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Editorial: All who serve as judges should be lawyers

February 16, 2011
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Indiana Lawyer Editorial
stoner-mark-mugBW Stoner
shewmaker-terry-mugBW Shewmaker

By Judges Mark Stoner and Terry Shewmaker

The Indiana trial court system has several types of courts: Circuit, Superior, Small Claims and one Probate court. In 2009, 1.5 million cases were filed in those courts and all of the cases were heard by judges who are lawyers. Those judges are in good standing with disciplinary authorities and licensed to practice law in Indiana.

Indiana also has approximately 75 City and Town courts. In 2009, 375,000 cases, including criminal misdemeanors and speeding tickets, were heard in these courts. Not all of the judges in those courts are lawyers. Some cities and towns do not require it.

Senate Bill 312 would require all judges in Indiana to be lawyers. Judges who are not lawyers would be allowed to complete their current terms. Their replacements would have to be lawyers in good standing, admitted to practice law in Indiana.

The Indiana Judicial Conference (judges from across the state) and the Strategic Planning Committee of the Conference strongly support SB 312. Indiana judges believe that non-lawyers serving as City and Town court judges attempt to perform their duties to the best of their abilities. We simply believe that in matters of great importance to Indiana citizens, a person who has graduated from law school and passed the bar exam should hear the case.

Hoosiers have important constitutional and statutory rights. Most people think of serious felony cases when they think of constitutional rights. They think of television trials like those shown on “Law & Order.” But Hoosiers have important rights which apply even in matters such as speeding tickets. Citizens having cases heard in City and Town courts can lose their driving privileges or even be jailed. It is important that judges follow all statutes and apply the law properly in all cases. SB 312 would protect Hoosiers’ rights by ensuring that law-trained judges preside over all cases in Indiana, from murder to divorce to speeding tickets.

Most Indiana citizens will never see the inside of a courtroom for a serious felony offense or a complicated contract dispute. But many Indiana citizens will receive a speeding ticket, a parking ticket, or have an issue with their driver’s license that must be resolved in court. We believe all Hoosiers deserve to have a law-trained judge resolving these disputes.

This proposal is just one reform proposed by the Strategic Planning Committee as part of a bigger plan called The New Way Forward. More information can be found at www.courts.in.gov/committees/strategic/. E-mail us with suggestions or words of support.•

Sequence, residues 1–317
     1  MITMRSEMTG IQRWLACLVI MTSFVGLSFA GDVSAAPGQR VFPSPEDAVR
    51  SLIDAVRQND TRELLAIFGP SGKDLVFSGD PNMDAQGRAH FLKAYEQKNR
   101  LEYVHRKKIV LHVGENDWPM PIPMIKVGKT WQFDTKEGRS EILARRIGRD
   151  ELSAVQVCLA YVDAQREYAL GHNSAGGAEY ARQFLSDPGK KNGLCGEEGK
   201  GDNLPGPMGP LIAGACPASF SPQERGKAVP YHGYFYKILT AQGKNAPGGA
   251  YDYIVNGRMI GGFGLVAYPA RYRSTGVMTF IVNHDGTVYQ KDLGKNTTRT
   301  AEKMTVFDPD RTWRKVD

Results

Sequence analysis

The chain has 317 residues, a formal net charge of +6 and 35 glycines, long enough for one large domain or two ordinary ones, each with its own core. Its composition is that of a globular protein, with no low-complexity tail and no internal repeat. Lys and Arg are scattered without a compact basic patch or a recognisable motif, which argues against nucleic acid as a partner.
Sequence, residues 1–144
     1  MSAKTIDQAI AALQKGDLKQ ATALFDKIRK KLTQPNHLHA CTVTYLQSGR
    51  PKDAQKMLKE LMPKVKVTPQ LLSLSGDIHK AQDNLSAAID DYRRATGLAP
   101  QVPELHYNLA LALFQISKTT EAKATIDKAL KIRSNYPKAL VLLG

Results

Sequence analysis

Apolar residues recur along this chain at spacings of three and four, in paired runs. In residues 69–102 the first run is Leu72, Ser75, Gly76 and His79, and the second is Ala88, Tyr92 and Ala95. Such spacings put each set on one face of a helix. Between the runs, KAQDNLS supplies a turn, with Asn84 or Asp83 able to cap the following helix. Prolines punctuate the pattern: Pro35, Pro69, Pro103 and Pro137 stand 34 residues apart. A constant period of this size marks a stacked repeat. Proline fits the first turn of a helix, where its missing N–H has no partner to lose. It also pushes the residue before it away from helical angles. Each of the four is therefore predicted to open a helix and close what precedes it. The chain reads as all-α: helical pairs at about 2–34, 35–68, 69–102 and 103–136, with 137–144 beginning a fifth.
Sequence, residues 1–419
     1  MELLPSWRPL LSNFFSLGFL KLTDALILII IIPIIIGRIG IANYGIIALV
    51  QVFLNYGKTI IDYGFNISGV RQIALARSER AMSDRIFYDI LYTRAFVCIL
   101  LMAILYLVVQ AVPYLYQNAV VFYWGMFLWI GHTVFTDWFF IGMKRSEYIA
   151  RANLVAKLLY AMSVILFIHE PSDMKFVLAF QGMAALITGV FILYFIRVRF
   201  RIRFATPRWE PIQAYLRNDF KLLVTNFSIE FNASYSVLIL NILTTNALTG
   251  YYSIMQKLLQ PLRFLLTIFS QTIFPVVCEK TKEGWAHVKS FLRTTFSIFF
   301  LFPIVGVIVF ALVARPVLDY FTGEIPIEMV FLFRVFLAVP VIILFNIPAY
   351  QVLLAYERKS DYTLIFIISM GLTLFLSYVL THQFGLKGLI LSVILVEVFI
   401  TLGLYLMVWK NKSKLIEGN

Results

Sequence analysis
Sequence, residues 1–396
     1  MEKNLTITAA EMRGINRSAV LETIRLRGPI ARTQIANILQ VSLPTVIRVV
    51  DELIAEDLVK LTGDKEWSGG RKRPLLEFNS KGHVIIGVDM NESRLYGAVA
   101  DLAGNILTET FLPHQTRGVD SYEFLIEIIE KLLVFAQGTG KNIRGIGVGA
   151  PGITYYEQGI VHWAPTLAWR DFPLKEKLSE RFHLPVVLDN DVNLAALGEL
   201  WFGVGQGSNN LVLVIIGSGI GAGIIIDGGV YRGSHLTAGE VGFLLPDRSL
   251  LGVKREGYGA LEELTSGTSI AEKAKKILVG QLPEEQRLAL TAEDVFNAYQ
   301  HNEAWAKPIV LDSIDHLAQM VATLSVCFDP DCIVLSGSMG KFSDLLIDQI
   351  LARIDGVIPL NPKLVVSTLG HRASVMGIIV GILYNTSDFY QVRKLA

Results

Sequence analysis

__________

The Hon. Mark Stoner
is a judge in Marion Superior Court, and The Hon. Terry Shewmaker, is judge in the Elkhart Circuit Court. They are co-chairs of the Strategic Planning Committee of the Indiana Judicial Conference. The opinions expressed in this column are the authors’.

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  • overkill
    Is law school really necessary for these kind of petty offenses? Not really. And a law like this further enhances the public perception of lawyers as a self serving cartel. The editorial makes good points which are reasonable but that's what I believe.

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  2. Don't believe me, listen to Pacino: https://www.youtube.com/watch?v=z6bC9w9cH-M

  3. Law school is social control the goal to produce a social product. As such it began after the Revolution and has nearly ruined us to this day: "“Scarcely any political question arises in the United States which is not resolved, sooner or later, into a judicial question. Hence all parties are obliged to borrow, in their daily controversies, the ideas, and even the language, peculiar to judicial proceedings. As most public men [i.e., politicians] are, or have been, legal practitioners, they introduce the customs and technicalities of their profession into the management of public affairs. The jury extends this habitude to all classes. The language of the law thus becomes, in some measure, a vulgar tongue; the spirit of the law, which is produced in the schools and courts of justice, gradually penetrates beyond their walls into the bosom of society, where it descends to the lowest classes, so that at last the whole people contract the habits and the tastes of the judicial magistrate.” ? Alexis de Tocqueville, Democracy in America

  4. Attorney? Really? Or is it former attorney? Status with the Ind St Ct? Status with federal court, with SCOTUS? This is a legal newspaper, or should I look elsewhere?

  5. Once again Indiana has not only shown what little respect it has for animals, but how little respect it has for the welfare of the citizens of the state. Dumping manure in a pond will most certainly pollute the environment and ground water. Who thought of this spiffy plan? No doubt the livestock industry. So all the citizens of Indiana have to suffer pollution for the gain of a few livestock producers who are only concerned about their own profits at the expense of everyone else who lives in this State. Shame on the Environmental Rules Board!

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